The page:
Saturday October 30 2010

PARENTING: Reasons why you should attend PTA meetings

culture

 

As the year comes to an end, you are yet to be invited to the PTA meeting at your child’s school. Carol Beyanga writes about why it’s important for each parent to attend such school meetings

I recently attended a Parent Teacher Association (PTA) meeting on behalf of my parents at my little sister, Ruth’s school. During my school days, we looked forward to this day because it was an extra visiting day and our grub and pocket money would be replenished. And so when I set out to the school that morning, my foremost thoughts were about carrying enough eats for Ruth.

By the time we were done with the meeting though, my perspective had been broadened on the importance of this day. I left exhausted but quite pleased. Here’s what I found out and why I am making sure that I shall attend as many of such meetings when my child/ren start attending school;

How are your monies being used?
This is a good question. Sometimes you find that the school seem to increase the fees every term or you wonder why school X asks for a huge sum compared to school Z. But when you attend a PTA meeting though, you are given reasons as to why the extra Shs100,000 is needed, why more money was spent than planned for and why that bus is not coming yet. Whether the money is being put to good use is another matter but what is important is how the school plans to spend it.

Rooting for changes in the school
I found it interesting – almost amazing how the parents in the meeting were able to get the school to change/fix a few things within the few hours we met. One of the pressing issues for some parents was getting a new facility built for the girls. The board and school tried to explain why it might not be easy to do this but the parents were insistent that something be done. At the end of the day, the parents were granted their wish and the facility will be built first. So at a PTA meeting, with the support of fellow parents, you are able to ask and root for changes that you deem important for the wellbeing of your child.

Learn about developments in the school
This might sound obvious, but you need to know certain basics of the school your child is studying in, things such as the history of that school, the principles they live by, the amenities the children are provided and so on. However, there are many things that keep going on during the term that you are not aware of and that your child might not let you know about – perhaps because they feel it is not necessary. If the administration of the school is responsible, they should be able to let you know of any changes in say the curriculum or organisation of the place, the school’s projected performance when it comes to PLE, UCE and UACE among others.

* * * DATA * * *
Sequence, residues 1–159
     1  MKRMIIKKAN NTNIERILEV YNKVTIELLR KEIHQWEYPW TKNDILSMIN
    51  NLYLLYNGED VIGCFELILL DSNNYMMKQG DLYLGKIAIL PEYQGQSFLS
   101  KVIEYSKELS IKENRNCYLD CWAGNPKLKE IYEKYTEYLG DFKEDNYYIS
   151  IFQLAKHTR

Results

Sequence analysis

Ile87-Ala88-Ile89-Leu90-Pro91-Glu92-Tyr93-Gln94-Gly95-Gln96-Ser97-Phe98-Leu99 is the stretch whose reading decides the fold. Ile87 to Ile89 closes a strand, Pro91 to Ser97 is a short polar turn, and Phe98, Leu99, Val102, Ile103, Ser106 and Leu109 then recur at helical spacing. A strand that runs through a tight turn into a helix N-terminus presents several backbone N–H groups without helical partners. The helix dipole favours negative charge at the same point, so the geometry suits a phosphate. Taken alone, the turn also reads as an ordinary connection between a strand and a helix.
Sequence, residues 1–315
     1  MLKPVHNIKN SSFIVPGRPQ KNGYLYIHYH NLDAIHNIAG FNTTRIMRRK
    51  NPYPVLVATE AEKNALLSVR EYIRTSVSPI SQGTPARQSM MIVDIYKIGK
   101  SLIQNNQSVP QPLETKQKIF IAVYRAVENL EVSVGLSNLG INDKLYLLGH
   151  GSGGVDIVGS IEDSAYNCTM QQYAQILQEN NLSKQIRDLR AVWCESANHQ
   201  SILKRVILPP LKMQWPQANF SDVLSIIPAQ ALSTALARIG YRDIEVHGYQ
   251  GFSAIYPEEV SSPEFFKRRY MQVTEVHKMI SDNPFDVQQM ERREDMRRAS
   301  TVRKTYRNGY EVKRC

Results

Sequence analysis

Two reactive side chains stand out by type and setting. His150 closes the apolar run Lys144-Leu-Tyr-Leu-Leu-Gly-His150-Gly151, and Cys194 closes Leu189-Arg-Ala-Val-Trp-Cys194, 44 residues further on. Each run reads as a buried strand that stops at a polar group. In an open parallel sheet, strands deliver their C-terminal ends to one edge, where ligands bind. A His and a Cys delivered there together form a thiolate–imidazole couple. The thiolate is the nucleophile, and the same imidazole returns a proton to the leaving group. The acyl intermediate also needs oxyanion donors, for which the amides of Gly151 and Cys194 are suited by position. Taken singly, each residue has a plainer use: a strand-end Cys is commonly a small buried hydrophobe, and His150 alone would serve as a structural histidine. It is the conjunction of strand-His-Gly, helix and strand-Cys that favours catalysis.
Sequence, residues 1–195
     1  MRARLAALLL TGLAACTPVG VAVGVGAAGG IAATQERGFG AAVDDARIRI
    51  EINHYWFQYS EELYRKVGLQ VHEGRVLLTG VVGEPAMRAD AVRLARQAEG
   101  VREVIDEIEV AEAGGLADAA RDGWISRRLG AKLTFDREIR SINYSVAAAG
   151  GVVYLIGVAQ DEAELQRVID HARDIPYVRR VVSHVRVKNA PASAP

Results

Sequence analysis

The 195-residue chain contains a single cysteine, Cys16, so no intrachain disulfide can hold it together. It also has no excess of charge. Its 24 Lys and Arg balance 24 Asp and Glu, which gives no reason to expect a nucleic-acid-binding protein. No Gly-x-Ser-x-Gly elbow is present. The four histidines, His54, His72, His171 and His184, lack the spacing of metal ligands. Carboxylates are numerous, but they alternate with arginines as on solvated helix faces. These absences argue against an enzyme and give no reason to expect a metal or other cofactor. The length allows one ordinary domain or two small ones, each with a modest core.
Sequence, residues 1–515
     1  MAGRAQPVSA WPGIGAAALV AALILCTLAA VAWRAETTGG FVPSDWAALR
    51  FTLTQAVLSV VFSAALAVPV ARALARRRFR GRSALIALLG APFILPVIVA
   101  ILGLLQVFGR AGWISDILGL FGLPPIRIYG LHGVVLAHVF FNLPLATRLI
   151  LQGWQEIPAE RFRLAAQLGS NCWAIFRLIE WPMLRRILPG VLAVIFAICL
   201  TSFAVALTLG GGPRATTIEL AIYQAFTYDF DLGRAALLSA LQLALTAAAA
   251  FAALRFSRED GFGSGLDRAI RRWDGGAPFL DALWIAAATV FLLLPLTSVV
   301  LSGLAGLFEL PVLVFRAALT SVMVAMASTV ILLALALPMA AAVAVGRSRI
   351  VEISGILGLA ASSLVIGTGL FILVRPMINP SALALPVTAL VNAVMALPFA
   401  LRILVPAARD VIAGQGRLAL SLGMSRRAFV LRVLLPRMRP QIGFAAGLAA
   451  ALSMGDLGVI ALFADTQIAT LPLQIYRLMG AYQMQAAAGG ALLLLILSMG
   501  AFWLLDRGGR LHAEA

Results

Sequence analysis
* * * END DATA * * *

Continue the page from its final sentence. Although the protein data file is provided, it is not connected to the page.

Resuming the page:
In this particular PTA meeting, we were told of children who had lost their parents or children the school had lost. The school is a community which you become part of once your child joins it. It is therefore important to know what is happening in it, the big and small things.

Get to meet your child
Then there is of course the obvious, checking on your child after the meeting. Every time I calculate how many months children spend at (boarding) school compared to home, I wince. The ratio is just too wide. It is why I wonder, with all due respect, how a parent can take their child to a boarding school during their primary. A child is forming behaviour patterns and is being shaped and moulded between the ages of birth to 13 years.

Leaving them in the hands of teachers, matrons and their peers at this tender age is a matter that should not be taken lightly. That’s why whenever as a parent, you get the chance to visit them, you must.

Find out how they are doing. Have they had malaria? What is the studying like for them? Are they coping well – especially if they are new to the school? Do they have enough pocket money and grub to take them through the next few weeks?
Parents should therefore plan to attend all such days. The importance cannot be overestimated.

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